Yo, Amazon — What About Screening The New Linklater in Cannes?

Richard Linklater‘s Last Flag Flying, a kind of long-throw, post-9/11 sequel to Hal Ashby‘s The Last Detail (’73), is being research-screened in Pasadena on Wednesday evening. If it’s good enough to test-screen, why not take a whirl on a Cannes Film Festival showing? This is precisely the sort of little film that could actually benefit from a successful Cote d’Azur showing. Based on Daryl Poniscsan’s 2005 novel, it focuses on a reunion between Badass Buddusky, Mulhall (a.k.a. “Mule”) and Larry Meadows, who were played in Ashby’s film by Jack Nicholson, Otis Young (who died in ’01) and Randy Quaid. Flying stars Bryan Cranston (Buddusky), Laurence Fishburne (Mule) and Steve Carell (a much shorter Meadows…maybe he shrank in the Portsmouth brig?).

(l. to r.) Last Flag Flying‘s Laurence Fishburne, Bryan Cranston, Steve Carell.

(l. to r.) Randy Quaid, Jack Nicholson, Otis Young in Hal Ashby’s The Last Detail.

By the way: I’ve just received a Region 2 Bluray of The Last Detail, and it looks as good as possible, given that it was never intended to look all that great in the first place — the idea was to deliver something chilly and stark and 16mm-ish — immaculate soothing visuals were never part of the game plan.

Nice little Amazon blurb:

The Last Detail nearly didn’t get a release. Columbia, for whom it was made, was alarmed by the movie’s barrage of profanity and resented the unorthodox working style of its director, Hal Ashby, who loathed producers and made no secret of it. Only when the film picked up a Best Actor Award for Jack Nicholson at Cannes did the studio reluctantly grant it a release –with minimal promotion — to widespread critical acclaim.

“Nicholson, in one of his best roles, plays Badass Buddusky, a naval petty officer detailed, along with his black colleague “Mule” Mulhall (Otis Young), to escort an offender from Virginia to the harsh naval prison at Portsmouth, NH. The miscreant is a naïve youngster, Meadows (Randy Quaid), who’s been given eight years for stealing $40 from his CO’s wife’s favorite charity. The escorts, at first cynically detached, soon start feeling sorry for Meadows and decide to show him a good time in his last few days of freedom.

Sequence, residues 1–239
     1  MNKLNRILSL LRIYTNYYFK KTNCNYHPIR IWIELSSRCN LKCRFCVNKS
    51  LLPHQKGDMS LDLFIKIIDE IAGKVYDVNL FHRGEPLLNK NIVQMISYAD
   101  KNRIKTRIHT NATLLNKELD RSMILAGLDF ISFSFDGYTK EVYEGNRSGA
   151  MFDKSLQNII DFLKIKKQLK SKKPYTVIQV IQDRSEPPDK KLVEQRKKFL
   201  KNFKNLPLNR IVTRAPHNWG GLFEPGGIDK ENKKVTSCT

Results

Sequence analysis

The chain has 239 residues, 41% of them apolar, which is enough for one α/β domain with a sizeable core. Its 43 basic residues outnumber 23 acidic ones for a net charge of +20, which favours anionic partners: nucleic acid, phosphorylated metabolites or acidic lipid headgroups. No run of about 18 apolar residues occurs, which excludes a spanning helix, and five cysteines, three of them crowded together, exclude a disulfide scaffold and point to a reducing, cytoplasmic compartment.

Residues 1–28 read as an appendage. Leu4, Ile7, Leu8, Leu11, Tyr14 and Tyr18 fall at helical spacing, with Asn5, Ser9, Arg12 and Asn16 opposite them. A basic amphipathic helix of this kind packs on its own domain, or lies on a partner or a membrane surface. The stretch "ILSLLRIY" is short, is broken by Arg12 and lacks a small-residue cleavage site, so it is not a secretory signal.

“Ashby, a true son of 60s counterculture, avidly abets the anti-authoritarian tone of Robert Towne’s script. Meadows is a sad victim of the system — but so too are Buddusky and Mulhall, as they gradually come to realize.

“A lot of the film is very funny. Nicholson gets to do one of his classic psychotic outbursts — “I am the fucking shore patrol!” — and there are some pungent scenes of male bonding pushed to the verge of desperation. But the overall tone is melancholy, pointed up by the jaunty military marches on the soundtrack.

“Shot amid bleak, wintry landscapes, in buses and trains and gray urban streets, The Last Detail is a film of constant, compulsive movement going nowhere — a powerful, finely acted study of institutional claustrophobia.”

  • Jon B

    The movie is a 1970s masterpiece with a great bittersweet ending. The Last Detail is without a doubt Jack Nicholson’s greatest performance. What a great angry man performance by Nicholson! Nicholson even thought this was the best thing he’s ever done. I know I read that somewhere.

    It is amazing how many people I know who claim to love Nicholson but have never even heard of this film. (Bill Paxton selected this film as one of his three favorite films on TCM.) Here is the thing:The actors who are in the new movie are quality people. I will see this, but I think it might’ve been a good final film for Jack Nicholson. People want Nicholson to have a proper send-off. Pity.

    Fascinating to me, I always felt the late Otis Young should’ve worked more. He was equally impressive in the film, yet he mainly worked in television throughout the rest of his career. Why?

    • Mark Henry Hopper

      Nicholson’s taking his victory lap with the Toni Erdmann remake.

      • Jeff

        Ayup and barring a catastrophe he is going to be nominated for Best Actor.

        • Franny P

          I saw this movie in a film class and for the first time in my life, I remember thinking, now that is acting. Been a number one fan of Jack ever since. JN puts his heart and soul into his roles, heck Ironweed n-o one saw and it is a shame as that ranks with his best work, thus the homage of Franny P. If you have not seen this movie you will be in for a treat. Two masters at their best. By the way go green- great to see the Spartans back to winning in the NCAA. JN would have made a great Tom Izzo

  • brenkilco

    Kind of a slap in the face to Quaid. Bet he could use the work.

    • Dr. New Jersey

      Probably best to have a whole new cast if you can’t get all the originals.

  • Dave Billet

    Meadows: [looking at porn] Are they really doing that when they take that picture?
    Buddusky: [pause] Well kid, there’s more things in this life than you can possibly imagine. I knew a whore once in Wilmington. She had a glass eye… used to take it out and wink people off for a dollar.

    They just don’t write em like that anymore.

  • K. Bowen

    The more and more I think about it, the higher my opinion of Everybody Wants Some. There are a lot of pat movies about being on a team. There really isn’t one about what it really means to be on a team – working together, getting past differences, etc. But there are too few about what it really means, when you consider it’s a quietly essential to understanding male lives.

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    • Ben Kabak

      Would’ve been better with even a touch of a plot.

  • Joe.Leydon

    Didn’t the Badass Buddusky character die at the end of Darryl Ponicsan’s original 1970 novel?

    • Ekko

      Yes, he did, so I was wondering the same thing. I guess he wrote a sequel based on the movie like David Morrell did with Rambo?